Arrium Limited, Australia’s fourth-biggest iron ore exporter, is set to be the first casualty of the global supply glut brought on by Rio Tinto and BHP Billiton, with the announcement that it will close its Southern Iron asset in South Australia.
According to The Australian, the closure of Arrium’s iron ore operations in SA will likely be followed by more closures at smaller miners as mining giants such as BHP Billiton and Rio Tinto – who operate at low cost and are therefore able to withstand the market pressure – increased iron ore output in order to squeeze out competition and increase their market share.
The move represents a symbolic retreat for Arrium, which has spent the past four years trying to diversify its business into iron ore and mining consumables in response to the poor Australian manufacturing environment during the China boom.
The closure of Arrium’s higher-cost operations in SA will reduce the company’s exports from 12.5 million tonnes a year to about 9 million tonnes, and will leave 200 full-time workers, as well as 380 contractors without jobs as the company turns its attention towards the Middleback Ranges operations near Whyalla.
Arrium’s biggest shareholder, Allan Gray, with a 13.5% stake, said the move was necessary.
“It shows some capital discipline that they’ve decided to walk away from part of the more expensive end of their iron ore production. The future is very uncertain for Arrium, but they seem to have a focus on cash maximisation, which for a company with $1.4bn in debt is crucial,” said Allan Gray fund manager Simon Mahwhinney.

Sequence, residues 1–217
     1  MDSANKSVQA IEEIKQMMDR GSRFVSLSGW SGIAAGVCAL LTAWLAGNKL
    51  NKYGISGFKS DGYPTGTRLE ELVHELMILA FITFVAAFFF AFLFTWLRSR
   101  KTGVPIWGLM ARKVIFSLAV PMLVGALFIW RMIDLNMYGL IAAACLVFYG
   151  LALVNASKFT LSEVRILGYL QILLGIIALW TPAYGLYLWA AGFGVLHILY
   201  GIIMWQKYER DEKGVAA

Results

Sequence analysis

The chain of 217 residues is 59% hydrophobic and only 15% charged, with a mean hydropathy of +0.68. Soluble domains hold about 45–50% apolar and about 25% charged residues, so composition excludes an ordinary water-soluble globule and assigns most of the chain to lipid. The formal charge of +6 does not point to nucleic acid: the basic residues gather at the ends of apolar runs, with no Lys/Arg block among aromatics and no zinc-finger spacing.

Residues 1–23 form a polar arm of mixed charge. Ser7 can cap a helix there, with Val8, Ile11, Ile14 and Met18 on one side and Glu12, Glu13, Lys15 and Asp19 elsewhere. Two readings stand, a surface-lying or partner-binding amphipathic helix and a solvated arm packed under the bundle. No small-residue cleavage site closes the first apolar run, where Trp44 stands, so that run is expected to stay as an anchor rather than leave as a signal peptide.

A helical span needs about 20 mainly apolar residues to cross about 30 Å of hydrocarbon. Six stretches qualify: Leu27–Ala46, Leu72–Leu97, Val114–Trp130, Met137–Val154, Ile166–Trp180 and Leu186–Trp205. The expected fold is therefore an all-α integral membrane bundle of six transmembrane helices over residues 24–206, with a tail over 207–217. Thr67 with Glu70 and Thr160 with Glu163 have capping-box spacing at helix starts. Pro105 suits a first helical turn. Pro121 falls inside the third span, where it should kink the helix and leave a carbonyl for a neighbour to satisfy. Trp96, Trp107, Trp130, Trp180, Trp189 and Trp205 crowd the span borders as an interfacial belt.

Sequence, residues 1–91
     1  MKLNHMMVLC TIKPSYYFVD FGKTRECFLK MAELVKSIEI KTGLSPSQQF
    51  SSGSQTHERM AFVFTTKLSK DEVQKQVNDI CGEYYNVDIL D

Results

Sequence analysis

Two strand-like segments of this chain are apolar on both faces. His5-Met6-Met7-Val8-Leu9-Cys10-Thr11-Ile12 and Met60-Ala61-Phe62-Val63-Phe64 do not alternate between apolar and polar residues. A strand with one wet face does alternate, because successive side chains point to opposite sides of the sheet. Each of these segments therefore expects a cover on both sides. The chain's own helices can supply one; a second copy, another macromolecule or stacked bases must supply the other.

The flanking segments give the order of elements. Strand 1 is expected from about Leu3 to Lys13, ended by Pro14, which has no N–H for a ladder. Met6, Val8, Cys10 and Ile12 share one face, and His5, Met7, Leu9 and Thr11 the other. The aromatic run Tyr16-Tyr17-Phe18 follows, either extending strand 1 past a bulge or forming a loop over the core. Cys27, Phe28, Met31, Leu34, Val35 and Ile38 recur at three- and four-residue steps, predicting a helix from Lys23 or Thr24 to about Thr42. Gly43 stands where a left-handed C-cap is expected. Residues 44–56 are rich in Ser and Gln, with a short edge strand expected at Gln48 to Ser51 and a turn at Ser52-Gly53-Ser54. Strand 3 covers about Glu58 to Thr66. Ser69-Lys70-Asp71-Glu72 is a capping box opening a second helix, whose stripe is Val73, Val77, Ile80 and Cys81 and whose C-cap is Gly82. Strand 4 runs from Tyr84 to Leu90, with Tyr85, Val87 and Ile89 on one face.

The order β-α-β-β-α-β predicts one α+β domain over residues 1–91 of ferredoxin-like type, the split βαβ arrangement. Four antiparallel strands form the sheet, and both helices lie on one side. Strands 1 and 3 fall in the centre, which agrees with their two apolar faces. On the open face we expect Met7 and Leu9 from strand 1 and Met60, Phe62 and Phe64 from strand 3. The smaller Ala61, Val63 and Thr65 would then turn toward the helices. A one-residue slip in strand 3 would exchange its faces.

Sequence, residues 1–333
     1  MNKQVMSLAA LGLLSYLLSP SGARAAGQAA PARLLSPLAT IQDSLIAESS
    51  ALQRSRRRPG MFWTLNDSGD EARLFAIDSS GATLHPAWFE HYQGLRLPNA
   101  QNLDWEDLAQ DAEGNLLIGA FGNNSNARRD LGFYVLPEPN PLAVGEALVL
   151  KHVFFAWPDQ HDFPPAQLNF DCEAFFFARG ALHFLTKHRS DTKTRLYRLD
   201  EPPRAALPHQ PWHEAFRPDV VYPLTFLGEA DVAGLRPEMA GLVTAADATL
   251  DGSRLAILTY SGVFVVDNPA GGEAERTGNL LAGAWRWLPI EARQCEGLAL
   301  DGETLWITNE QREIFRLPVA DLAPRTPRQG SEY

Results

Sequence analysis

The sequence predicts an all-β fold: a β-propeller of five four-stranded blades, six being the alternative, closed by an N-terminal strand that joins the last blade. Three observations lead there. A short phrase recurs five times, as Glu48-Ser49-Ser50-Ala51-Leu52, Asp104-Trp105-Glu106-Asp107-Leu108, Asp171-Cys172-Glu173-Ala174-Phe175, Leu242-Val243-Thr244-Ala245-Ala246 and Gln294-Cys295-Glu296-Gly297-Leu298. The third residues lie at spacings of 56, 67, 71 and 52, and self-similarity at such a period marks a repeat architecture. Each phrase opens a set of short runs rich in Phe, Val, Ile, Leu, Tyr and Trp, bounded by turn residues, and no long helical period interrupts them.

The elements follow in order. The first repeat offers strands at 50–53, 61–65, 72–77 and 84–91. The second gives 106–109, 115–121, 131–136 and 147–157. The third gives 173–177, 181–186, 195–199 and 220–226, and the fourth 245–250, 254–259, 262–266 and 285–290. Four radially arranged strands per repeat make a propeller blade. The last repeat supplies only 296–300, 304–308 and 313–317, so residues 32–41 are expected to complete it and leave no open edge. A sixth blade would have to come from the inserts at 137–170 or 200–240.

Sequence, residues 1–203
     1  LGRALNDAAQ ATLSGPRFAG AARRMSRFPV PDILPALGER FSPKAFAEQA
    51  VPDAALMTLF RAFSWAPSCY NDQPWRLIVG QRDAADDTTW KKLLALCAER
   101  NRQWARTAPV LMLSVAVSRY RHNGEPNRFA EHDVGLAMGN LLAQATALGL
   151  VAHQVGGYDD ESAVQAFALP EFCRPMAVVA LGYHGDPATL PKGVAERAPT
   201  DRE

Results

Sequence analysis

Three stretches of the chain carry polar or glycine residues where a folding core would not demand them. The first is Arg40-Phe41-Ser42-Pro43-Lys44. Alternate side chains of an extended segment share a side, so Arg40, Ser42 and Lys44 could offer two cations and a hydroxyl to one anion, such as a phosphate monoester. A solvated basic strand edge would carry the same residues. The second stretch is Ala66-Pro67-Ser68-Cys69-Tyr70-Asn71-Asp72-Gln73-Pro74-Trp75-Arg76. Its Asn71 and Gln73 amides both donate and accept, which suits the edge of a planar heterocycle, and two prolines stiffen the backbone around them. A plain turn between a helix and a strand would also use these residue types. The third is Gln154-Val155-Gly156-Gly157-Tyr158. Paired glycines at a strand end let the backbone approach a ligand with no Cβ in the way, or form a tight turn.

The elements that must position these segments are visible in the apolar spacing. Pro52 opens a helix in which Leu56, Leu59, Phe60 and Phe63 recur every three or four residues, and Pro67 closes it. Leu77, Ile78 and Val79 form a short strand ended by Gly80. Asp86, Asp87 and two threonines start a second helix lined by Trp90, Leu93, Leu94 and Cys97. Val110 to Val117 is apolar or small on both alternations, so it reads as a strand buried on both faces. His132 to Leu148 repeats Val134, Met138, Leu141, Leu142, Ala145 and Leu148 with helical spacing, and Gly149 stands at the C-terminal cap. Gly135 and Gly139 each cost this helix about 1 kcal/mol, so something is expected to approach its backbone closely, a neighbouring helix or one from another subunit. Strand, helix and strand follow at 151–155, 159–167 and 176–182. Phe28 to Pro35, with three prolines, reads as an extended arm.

“The company is in a very awkward position as a result of balance-sheet mismanagement in the past and being caught on the wrong side of the cycle.”
Arrium boss Andrew Roberts told The Sydney Morning Herald that an iron ore price significantly above the market’s consensus view of future prices would be needed to reopen the assets, which were of good quality but a troublesome 600 kilometres from port.
“There is some uncertainty around the nature of the price recovery and the time that it will take, and our mining business at this point in time is absorbing cash rather than contributing cash back to the group, so today we have announced the redesign of our mining business,” he said.
Arrium acquired Southern Iron from WPG Resources for $320 million in August 2011 and spent hundreds of millions of dollars developing the assets and connecting them to the company’s existing mines and ports near Whyalla.
However, Mr Roberts admitted on Friday that the acquisition had not realised full value yet for Arrium, and the company would record asset impairments of $1.1billion on its mining business next month.
“In terms of the original investment, plus the ongoing investment required to mine the business, we haven’t realised the full value at this point,” he said.